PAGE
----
With more and more people opting to start up their own businesses instead of spending another few decades working under someone else, the creation of a professional website is becoming more important by the day. This is easier said than done, however, because these businesses aren’t being founded by people who are naturals in web design or who have a lot of resources to pay someone else to do it for them. So, what tips can these ‘newbies’ use to ensure that they have a professional website that gets them noticed?
This stands for ‘Keep It Simple, Stupid’ and is a principle that can actually be applied to many tasks but is one that is integral to the success of a website that has been developed on a budget. Not only are simple designs easier to create (making them much cheaper and faster), they also prove to be bolder, more memorable and easily adaptable. Focus on one key element that you would like to highlight and then begin building the rest of the design around that. Then, select a layout that is simple and familiar; most people will choose the traditional two-column layout with right side and top navigation bars.
If you do not employ anyone who is qualified in web design, do not let them work on the creation of your website. For every coder or executive who actually discovers that they have a flair for design, there will be hundreds who struggle, waste time and end up producing poor quality work. Whilst good design doesn’t come cheap, it is important to keep in mind that this will be money will spent if it helps you to avoid wasting time and leaves you with a professional looking website. To try and lower costs, many people will turn to freelancers who might still be studying or who have another job.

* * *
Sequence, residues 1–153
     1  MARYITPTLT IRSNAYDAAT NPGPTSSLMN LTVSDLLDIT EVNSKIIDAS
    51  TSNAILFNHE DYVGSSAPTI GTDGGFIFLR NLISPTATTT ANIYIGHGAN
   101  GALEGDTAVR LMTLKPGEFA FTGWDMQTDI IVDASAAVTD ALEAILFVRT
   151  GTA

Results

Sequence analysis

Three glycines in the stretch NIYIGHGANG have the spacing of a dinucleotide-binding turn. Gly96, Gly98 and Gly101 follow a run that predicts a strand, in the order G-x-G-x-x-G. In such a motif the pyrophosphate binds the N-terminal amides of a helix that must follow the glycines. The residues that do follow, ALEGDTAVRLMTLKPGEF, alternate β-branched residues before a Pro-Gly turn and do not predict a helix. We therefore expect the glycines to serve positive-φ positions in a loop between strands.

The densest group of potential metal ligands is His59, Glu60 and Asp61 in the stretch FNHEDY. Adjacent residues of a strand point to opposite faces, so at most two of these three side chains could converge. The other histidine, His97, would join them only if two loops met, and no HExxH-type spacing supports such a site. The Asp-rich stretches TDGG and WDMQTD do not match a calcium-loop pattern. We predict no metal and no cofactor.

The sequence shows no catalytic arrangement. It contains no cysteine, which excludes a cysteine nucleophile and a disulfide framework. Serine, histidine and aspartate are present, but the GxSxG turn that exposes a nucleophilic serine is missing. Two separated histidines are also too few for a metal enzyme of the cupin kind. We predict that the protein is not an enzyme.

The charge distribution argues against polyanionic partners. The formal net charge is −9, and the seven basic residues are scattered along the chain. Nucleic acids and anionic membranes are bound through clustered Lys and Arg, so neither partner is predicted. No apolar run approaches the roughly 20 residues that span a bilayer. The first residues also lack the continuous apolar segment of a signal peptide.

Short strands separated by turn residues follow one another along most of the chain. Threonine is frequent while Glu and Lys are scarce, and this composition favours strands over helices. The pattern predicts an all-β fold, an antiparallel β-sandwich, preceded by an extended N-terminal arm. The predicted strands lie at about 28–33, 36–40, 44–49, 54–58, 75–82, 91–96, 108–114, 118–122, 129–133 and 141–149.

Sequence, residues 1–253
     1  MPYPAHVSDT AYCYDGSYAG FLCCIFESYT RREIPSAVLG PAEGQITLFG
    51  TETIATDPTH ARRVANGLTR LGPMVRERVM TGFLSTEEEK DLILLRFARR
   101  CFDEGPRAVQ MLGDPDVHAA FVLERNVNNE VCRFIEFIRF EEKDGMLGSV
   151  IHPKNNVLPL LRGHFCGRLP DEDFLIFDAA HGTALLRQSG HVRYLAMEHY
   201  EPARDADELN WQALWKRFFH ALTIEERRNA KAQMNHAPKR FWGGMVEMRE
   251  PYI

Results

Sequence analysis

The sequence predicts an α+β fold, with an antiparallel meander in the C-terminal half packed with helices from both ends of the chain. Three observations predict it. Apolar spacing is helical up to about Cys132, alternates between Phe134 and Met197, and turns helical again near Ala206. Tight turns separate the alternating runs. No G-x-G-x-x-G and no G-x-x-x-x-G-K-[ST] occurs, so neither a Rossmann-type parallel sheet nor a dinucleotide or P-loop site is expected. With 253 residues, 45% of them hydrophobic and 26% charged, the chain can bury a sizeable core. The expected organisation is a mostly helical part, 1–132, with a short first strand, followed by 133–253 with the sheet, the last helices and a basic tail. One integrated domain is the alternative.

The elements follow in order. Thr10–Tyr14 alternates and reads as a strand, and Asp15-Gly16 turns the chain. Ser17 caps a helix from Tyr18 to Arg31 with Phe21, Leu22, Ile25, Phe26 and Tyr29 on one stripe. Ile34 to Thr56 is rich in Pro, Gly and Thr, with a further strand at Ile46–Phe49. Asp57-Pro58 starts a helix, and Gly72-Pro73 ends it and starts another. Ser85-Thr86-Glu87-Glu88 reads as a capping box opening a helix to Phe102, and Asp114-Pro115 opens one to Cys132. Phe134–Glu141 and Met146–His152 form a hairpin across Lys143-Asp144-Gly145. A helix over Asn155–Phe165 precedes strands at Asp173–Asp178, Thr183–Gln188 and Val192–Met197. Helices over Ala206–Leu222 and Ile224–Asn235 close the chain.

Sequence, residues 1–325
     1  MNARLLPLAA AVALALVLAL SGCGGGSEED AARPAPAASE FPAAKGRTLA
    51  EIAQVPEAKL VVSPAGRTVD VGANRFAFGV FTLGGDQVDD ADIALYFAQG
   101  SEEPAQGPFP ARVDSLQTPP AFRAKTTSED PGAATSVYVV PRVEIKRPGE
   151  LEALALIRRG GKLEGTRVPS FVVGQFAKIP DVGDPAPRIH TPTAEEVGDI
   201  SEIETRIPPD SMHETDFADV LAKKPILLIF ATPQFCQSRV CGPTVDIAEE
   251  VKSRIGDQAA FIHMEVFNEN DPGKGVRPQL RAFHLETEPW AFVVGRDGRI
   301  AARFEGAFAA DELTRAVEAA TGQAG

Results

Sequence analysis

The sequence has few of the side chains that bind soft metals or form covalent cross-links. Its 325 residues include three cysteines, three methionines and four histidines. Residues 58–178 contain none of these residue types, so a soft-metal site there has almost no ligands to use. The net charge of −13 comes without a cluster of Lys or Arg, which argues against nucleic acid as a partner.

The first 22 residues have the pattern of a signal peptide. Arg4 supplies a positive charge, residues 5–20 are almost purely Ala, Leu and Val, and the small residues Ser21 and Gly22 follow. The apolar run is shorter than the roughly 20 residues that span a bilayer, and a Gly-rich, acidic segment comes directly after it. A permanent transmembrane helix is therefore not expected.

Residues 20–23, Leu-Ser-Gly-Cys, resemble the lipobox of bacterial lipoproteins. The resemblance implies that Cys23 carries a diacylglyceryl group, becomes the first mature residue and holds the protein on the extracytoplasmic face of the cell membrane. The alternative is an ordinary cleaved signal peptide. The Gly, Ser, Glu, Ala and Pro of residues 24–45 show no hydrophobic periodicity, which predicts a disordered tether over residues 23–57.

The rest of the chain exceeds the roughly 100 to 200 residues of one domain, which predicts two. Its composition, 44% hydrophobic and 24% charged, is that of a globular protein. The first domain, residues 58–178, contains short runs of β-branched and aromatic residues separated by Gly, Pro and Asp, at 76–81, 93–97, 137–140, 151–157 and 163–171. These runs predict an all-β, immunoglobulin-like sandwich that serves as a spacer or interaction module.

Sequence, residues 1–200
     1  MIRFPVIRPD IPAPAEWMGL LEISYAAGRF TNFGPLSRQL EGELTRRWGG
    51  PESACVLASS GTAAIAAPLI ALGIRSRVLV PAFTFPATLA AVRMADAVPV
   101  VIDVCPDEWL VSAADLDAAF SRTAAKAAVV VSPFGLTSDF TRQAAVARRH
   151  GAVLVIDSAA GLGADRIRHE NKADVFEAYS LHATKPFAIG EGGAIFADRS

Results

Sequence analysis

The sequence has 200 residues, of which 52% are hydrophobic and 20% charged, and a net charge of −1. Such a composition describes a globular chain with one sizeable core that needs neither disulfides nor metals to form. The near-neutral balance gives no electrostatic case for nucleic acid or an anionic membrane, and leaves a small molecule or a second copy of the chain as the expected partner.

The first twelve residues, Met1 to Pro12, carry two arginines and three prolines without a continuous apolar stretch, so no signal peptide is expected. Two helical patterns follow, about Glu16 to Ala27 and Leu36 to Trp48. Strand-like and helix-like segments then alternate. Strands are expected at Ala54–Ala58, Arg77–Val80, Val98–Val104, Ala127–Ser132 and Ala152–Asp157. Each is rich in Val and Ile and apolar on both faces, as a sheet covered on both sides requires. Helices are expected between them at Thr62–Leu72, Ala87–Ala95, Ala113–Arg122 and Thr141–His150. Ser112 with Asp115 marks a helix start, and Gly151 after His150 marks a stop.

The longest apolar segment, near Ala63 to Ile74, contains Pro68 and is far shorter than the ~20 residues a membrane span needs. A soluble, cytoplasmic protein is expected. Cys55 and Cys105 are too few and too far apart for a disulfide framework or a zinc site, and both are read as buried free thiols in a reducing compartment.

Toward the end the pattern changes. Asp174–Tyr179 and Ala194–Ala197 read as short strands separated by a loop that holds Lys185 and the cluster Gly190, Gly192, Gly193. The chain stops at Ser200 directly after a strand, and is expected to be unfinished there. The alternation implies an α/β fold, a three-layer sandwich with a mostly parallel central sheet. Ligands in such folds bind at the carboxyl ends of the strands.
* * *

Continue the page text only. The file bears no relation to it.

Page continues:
When spending a significant amount of time and money on website work, you will want to ensure that it will last for as long as possible. This means that the website needs to be prepared for the future of the internet, which could throw a number of curve balls your way. At the moment, it means that your site must be mobile-friendly and that it will be able to meet the increasing demands of these users. It is much easier to make adjustments for mobile-friendliness whilst the design is being built than it is to try and adjust an existing website. You should consider all sorts of variables from the very beginning.
If you are a ‘newbie’ to the realm of websites and you only take one thing away from this article, it should be this – web design is about three things (focus, talent and planning). If you know what you are trying to achieve with your own site or how you want it to look, you will need to find someone who can bring your ideas to life and who can think about the future in the creation of the code. More often than not, the hardest part for ‘newbies’ is finding the time, energy and the resources to achieve these things.